Martin Scorsese’s long-awaited Gangs of New York is perhaps the most impressive and ambitious disappointment in this year of ambitious cinematic disappointments — a pattern that includes such prestige-picture hopefuls as Road to Perdition, Changing Lanes, The Four Feathers, Signs, Solaris, and Adaptation.
Set in the 1860s against a backdrop of civil war, Irish immigration, and anti-draft backlash, Gangs of New York is in a way the culmination of Scorsese’s careerlong fascination with New York and its history, as well as of his three-decade-long desire to make a film from Herbert Asbury’s 1928 book of the same title.
That book, with its breathless vignettes of the 19th-century lower Manhattan underworld, has no central plot or unifying storyline. Similarly, the most striking moments in Scorsese’s film come as glimpses into that time and place. When we see hordes of immigrants milling about in the unguessed catacombs beneath the Old Brewery of the Five Points neighborhood, or rival fire brigades brawling in the streets rather than fighting the fire, it’s easy to feel that here, surely, is a dark and strange world that would be interesting to explore, a world in which memorable stories must have taken place.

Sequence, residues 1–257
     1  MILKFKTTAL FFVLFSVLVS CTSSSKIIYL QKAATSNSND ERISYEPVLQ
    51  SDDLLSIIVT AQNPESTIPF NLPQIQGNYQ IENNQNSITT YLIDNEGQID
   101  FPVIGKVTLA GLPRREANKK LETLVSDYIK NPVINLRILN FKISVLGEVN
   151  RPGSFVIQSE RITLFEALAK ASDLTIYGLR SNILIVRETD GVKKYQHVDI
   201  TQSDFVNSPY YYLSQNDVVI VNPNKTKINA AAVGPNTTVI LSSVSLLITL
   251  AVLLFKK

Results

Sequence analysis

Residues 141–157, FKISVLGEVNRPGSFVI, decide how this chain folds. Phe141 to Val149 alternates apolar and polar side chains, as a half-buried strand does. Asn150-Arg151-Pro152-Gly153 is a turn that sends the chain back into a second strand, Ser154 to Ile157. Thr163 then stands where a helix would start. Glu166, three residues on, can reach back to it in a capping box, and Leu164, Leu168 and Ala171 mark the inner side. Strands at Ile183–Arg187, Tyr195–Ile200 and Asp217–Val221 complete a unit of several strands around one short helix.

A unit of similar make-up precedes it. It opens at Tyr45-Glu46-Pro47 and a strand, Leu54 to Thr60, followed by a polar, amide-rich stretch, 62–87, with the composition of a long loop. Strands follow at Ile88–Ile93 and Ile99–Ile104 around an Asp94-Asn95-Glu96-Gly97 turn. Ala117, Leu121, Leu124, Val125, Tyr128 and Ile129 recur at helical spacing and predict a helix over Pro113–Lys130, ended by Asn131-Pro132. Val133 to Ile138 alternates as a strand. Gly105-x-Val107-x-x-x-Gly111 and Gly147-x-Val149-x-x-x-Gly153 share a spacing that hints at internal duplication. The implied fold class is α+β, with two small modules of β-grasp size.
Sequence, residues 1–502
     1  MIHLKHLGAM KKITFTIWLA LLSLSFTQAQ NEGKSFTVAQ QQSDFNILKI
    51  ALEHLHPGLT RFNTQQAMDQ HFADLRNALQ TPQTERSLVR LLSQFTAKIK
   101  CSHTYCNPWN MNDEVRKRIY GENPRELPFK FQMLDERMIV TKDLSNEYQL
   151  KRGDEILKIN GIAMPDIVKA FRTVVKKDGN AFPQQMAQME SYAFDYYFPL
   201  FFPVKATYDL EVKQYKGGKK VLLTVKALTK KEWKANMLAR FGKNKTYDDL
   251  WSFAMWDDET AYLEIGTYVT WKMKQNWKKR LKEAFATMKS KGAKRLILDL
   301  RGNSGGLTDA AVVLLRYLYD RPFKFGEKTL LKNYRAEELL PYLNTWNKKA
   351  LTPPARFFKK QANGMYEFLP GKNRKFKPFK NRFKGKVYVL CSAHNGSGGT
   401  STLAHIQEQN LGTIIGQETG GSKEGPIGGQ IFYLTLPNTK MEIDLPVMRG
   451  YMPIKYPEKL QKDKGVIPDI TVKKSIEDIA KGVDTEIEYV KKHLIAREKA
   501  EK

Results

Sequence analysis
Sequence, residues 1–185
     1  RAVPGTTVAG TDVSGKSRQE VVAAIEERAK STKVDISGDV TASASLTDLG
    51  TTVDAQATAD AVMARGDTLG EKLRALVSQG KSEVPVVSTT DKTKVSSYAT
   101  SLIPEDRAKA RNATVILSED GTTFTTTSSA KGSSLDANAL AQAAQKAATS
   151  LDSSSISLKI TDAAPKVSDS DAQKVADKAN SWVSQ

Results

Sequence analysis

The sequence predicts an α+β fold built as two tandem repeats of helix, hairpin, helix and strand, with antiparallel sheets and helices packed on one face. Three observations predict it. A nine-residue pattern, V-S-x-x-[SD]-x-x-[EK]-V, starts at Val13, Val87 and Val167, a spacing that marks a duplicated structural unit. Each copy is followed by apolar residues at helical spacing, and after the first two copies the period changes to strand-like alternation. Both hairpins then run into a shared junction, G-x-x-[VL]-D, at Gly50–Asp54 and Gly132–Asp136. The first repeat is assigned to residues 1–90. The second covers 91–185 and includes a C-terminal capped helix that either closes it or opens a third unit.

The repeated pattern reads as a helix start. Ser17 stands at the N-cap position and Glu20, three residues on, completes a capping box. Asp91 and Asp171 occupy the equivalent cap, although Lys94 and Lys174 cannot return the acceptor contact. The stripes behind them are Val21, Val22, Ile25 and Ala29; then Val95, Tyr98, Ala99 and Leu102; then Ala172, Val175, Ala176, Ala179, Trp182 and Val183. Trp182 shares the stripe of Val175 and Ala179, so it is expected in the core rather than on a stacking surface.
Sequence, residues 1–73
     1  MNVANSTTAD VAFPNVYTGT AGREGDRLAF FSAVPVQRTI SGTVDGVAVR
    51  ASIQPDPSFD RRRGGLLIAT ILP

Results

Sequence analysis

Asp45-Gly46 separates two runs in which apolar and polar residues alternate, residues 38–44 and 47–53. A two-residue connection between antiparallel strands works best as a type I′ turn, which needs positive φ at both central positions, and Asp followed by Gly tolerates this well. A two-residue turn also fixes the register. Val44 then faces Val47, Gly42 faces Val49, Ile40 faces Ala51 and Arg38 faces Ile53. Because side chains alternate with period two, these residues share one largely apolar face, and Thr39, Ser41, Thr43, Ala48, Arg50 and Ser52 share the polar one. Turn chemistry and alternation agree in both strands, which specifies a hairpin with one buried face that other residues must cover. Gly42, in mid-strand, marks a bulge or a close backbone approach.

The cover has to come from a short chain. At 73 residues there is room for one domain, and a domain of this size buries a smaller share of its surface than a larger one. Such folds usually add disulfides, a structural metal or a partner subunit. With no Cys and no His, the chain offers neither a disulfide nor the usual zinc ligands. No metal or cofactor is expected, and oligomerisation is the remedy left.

Alas, this film isn’t one of them. A team of screenwriters including Steven Zaillian (Hannibal) has crafted a conventional, if relentlessly dark, tale of murder and revenge that in some ways recalls Road to Perdition: Both films are period-piece gangland tales that begin with the protagonist’s kin being murdered, leading the protagonist to declare war against an underworld kingpin with whom he has, or comes to have, a quasi-filial relationship. In addition to this murder-and-revenge plot, Gangs offers a romantic-triangle subplot, giving star Leonardo DiCaprio a chance to lighten the mood by flirting with Cameron Diaz.